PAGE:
A. D. 1770. [Taken in Short-hand.*]

in reading over the paper itself, and in cousidera, Samuel Athawes, of Martin's-lane.

tion of the proofs that are to be laid before you, Henry Voysey, Clement's-lane.

I should have tbought it a case so plain, and Joseph Lancaster, Green Lettice-lane.

in so ordinary a course of justice, that it would William Gill, Abchurch-lane.

absolutely be impossible to have mistaken, Joho Whitmore, Lawrence Poultney-lane.

eitber the application of the proofs of the Joshua Redshaw, St. Peter le Poor.

charges that are laid, or the conclusion to be William Derisme, Bartholomew-lane.

made from them. I have not of myself been able to inagine, por

re I learnt from the Talesmen.

conversation of any one man, that there is a William Cave, of Farringdon Without. serious man of the profession in the kingdom, William Washer, Bishopsgate Within. who has the smallest doubt whether this ought George More, Farricgon.

to be deemed a libel or not: my memory deJoshua Woodward, Bell-yard, Gracechurch- serts me exceedingly, if the learned gentlemen street.

who spoke of this subject before, did any time Richard Ayres, Bishopsgate-street.

venture to say, in so many plain words, that

the contents of that paper were legal and July 18, 1770.

jonocent. I am mistaken if they did. k 'The The record stated, that the defendant: John member it right, from the general and loose case was opened by Mr. Walker.- seems to me impossible that such an idea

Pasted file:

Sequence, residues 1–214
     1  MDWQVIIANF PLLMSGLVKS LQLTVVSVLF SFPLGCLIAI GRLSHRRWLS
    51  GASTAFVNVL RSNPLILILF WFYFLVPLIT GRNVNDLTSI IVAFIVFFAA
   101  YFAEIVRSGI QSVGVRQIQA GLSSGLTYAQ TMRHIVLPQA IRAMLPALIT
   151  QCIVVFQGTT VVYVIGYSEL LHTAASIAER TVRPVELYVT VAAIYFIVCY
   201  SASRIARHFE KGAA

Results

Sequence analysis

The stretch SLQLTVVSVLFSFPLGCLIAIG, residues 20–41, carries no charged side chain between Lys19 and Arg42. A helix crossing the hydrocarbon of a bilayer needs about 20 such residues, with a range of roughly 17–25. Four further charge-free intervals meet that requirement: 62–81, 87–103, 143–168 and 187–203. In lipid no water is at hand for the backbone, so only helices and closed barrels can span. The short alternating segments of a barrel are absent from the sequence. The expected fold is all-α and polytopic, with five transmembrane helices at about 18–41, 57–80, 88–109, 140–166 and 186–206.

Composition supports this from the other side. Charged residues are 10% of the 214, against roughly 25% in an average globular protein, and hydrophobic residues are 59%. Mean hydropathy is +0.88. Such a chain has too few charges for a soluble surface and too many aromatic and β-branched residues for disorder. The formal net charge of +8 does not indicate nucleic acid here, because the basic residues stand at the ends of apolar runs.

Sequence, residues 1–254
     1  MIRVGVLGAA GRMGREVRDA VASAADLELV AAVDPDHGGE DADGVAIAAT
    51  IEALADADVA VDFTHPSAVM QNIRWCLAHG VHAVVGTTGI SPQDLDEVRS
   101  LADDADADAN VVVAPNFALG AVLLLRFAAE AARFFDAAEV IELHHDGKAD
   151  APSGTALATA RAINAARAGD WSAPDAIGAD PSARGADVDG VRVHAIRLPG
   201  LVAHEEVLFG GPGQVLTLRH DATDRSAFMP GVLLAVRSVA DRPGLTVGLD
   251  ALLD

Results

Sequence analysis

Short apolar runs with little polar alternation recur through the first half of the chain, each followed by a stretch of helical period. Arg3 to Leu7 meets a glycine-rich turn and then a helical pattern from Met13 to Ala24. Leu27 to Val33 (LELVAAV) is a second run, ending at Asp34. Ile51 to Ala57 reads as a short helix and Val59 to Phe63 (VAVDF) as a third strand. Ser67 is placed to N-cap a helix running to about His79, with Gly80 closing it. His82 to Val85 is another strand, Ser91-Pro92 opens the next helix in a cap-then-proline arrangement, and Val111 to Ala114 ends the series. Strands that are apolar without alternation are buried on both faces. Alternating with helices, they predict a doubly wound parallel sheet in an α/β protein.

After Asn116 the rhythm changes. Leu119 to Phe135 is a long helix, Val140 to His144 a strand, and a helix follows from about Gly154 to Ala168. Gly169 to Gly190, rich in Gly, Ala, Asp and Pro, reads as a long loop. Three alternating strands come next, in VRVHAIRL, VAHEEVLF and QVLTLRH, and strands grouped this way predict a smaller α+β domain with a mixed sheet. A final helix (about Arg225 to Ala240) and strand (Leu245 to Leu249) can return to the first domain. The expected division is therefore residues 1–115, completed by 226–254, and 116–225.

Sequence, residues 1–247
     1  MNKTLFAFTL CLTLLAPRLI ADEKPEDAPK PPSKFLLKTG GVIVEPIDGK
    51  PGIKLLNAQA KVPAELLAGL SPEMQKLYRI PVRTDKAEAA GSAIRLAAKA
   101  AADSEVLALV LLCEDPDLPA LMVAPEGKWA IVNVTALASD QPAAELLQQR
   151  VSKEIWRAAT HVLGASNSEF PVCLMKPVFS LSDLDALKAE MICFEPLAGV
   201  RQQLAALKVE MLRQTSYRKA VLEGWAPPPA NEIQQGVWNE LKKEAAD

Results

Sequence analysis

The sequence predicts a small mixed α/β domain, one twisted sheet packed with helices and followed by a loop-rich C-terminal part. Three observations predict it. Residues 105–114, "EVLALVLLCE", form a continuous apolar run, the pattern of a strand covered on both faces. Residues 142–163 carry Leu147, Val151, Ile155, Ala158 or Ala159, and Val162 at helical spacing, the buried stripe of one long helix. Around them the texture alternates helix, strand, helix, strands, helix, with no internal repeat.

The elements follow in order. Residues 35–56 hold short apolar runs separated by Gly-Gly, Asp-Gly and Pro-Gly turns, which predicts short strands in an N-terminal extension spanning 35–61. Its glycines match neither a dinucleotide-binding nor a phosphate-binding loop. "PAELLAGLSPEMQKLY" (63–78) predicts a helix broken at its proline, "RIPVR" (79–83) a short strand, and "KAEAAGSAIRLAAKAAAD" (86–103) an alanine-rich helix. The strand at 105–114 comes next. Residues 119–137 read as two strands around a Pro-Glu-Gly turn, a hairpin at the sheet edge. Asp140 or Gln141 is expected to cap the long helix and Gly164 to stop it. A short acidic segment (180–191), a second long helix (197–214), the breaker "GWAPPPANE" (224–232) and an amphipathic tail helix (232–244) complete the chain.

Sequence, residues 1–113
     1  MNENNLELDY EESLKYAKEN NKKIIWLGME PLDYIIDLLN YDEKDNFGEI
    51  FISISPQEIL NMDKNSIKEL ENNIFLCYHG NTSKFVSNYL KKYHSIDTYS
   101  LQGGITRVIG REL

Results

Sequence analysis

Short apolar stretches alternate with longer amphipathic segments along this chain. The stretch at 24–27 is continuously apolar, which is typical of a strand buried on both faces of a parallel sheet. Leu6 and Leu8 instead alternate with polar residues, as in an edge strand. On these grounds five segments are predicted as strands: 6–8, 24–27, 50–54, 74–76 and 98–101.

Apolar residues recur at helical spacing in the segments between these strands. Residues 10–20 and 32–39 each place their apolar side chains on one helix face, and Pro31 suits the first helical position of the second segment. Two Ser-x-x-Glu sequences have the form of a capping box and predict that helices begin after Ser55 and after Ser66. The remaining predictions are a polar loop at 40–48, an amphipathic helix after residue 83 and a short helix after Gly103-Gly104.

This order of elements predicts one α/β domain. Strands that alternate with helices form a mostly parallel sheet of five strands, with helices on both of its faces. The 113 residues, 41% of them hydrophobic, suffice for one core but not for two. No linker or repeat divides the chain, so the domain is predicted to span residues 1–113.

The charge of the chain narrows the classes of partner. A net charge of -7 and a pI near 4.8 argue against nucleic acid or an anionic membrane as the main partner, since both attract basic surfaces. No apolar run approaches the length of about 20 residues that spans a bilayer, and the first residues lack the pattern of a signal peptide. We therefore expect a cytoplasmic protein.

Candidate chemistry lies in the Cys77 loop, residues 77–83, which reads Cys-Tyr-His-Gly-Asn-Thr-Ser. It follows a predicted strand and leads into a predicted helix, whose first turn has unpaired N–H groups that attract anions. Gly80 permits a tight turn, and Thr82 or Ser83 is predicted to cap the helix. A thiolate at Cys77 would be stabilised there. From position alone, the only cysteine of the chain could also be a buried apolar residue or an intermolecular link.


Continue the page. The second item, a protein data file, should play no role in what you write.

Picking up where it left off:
can be formed; but instead of it, if I reMiller, did unlawfully priot and publish, or discourse of them, concerning the liberty of cause to be privted and published, a certain seditious paper, entitled, The London Evening ject, concerning the right of individuals to

the press, it was a large and undefined sub. Post, Saturday, December 16th, to Tuesday, speak, to write, to publish with freedom, their December 19ih, in which was contained a certain libel, reflecting upon the King, the jects; these topics were pretty largely,

own free thoughts, upon all manner of subadministration of government, his principal | the same time pretty generally bandled. Now, officers of state, and the members of ihe hon. it does not appear to me they were or could, in House of Commons, in these words, [The the nature of it, be applied to the present case. paper read.]:

The defendant pleaded Not For I weither do, por ever will, attempt to lay Guilty.

before a jury, a cause, in which I was under Sol. General (Thurlow). Please your lord- the necessity of stating a single priociple that ship, and you gentlemeu of the jury, I am like- went to intrench, in the smallest degree, upon wise of counsel for the crown in this prosecution, the avowed and acknowledged liberty of the which is brought by the Attorney General subjects of this country, even with regard to against John Miller. I have very seldom found the press. The complaint I have to lay before myself more puzzled how to state a question to a you, is, that that liberty has been so abused, court, and in what manner to adapt it to a court, so turned to licentiousness, in the mapper in than I ain upon the present occasion. Because which it has been exercised upon the present

occasion, that under the notion of arrogating * Published in the London Museam (of liberty to one man, that is, the writer, printer, which Miller was the publisher) for October and publisher of this paper, they do, in effect 1770.